Skeena-Bulkley Valley MP Taylor Bachrach said governments may need to reconsider how VIA’s funding is allocated.
“I think the train occupies an important place in the culture of the northwest and I would like to see it remain in place for as long as possible. That’s going to require investment,” he says, noting that most of VIA’s subsidy goes toward operating costs rather than capital upgrades.
“That can only continue for so long until we see stations and rolling stock start to really show their age,” he says. “I do think that if cancelling the train altogether was put on the table there would be a strong reaction from communities in our region.”
That was the case three years ago when Greyhound, whose bus service was also considered essential to the north, applied to the BC Passenger Transportation Board to stop servicing the region.
The board held community meetings in Prince George, Terrace, Smithers and Fort St. John and received roughly 100 written comments and 1,700 form letters from northerners opposing Greyhound’s application.
In the end, Greyhound was allowed to pull out with two weeks’ notice.
The Highway 16 corridor continues to be served by BC Bus North. The line, which runs between Prince Rupert and Prince George, has been operated since 2018 by Diversified Transportation Ltd. in a cost-sharing partnership with the provincial and federal governments.
While the Passenger Transportation Board regulates services like ride hailing, taxis and inter-city buses, it does not regulate trains, chair Catherine Read says.
Johnson said when it comes to suspending rail service, it’s unclear whether CN Rail is answering to anyone.
“It does not appear to be the case that there is any oversight of this process,” he said. “If there’s a real, physical problem, such as a blockade on that line or an infrastructure issue or a derailment, yes, fine, but to suddenly suspend services where the trains could clearly get through, I’m shocked that could happen.”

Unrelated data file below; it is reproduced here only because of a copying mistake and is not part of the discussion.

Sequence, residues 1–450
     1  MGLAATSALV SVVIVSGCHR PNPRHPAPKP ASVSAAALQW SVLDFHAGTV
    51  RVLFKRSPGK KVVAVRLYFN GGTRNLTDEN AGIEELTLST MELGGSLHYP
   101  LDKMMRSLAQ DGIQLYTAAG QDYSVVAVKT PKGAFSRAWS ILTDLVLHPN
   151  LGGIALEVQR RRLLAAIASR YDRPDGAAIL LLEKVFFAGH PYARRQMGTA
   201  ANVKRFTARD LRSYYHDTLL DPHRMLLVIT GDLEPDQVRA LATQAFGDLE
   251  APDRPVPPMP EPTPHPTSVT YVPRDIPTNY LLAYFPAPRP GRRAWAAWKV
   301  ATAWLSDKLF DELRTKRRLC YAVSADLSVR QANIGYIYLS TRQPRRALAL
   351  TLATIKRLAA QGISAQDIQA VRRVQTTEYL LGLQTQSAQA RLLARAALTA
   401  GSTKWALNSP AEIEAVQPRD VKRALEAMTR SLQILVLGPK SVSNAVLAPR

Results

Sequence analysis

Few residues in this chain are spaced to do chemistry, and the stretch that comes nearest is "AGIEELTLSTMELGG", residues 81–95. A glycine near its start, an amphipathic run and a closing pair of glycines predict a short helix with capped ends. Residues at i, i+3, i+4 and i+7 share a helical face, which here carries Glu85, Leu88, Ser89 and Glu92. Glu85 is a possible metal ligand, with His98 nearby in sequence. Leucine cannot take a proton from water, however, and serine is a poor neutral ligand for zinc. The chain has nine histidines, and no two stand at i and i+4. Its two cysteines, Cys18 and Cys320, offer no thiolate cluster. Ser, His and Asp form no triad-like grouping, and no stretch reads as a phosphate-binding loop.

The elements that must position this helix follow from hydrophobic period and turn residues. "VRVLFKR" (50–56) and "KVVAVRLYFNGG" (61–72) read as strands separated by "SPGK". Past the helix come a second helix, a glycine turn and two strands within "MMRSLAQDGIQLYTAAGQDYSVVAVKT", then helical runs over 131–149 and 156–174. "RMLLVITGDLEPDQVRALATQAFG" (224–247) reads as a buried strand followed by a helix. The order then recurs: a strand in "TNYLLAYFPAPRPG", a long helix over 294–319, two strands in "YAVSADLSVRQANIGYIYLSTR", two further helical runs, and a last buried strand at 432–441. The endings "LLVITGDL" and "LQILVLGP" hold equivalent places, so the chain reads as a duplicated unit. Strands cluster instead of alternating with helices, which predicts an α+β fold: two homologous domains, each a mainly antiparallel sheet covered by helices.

CN took over the assets of B.C.-government owned BC Rail in 2004, shortly after the Port of Prince Rupert’s expansion was announced. That marked a turning point for passenger rail service in the north as freight took priority and passenger trains faced long waits on sidings to allow them to pass.
“When I first had my cabin out there in early 2000s, VIA was never bumped to the side of the tracks. Freights always moved aside for VIA. They called VIA the ‘Queen of the Rails.’ All of a sudden, VIA had to go to the side and CN had the right-of-way,” Stevenson remembers.
Today, VIA’s corporate plan depicts an uneasy relationship with its landlord.
“CN has limited incentives to allocate more capacity to passenger rail service providers like VIA Rail if such allocation has the potential to impact its operations,” the plan notes, describing an imbalance between freight railway infrastructure owners and passenger rail operators that hurts both VIA’s bottom line and the “Canada brand.”
“As noted earlier, unlike elsewhere, passenger trains in Canada do not have operational priority. CN can essentially veto or unilaterally alter any request to improve passenger travel times and frequencies,” it says.
It’s that veto power that Stevenson’s uncomfortable with.
“If CN has the power and control to shut down a Canadian essential service, that’s really inappropriate,” she says.
“Passenger rail service has been on that route since 1912 and I think it’s completely ridiculous to feel that it may go away. It cannot go away. It could be paused for legitimate reasons, like humans on the track protesting, or diseases, but once that’s passed I don’t see any legitimacy to there not being any service.”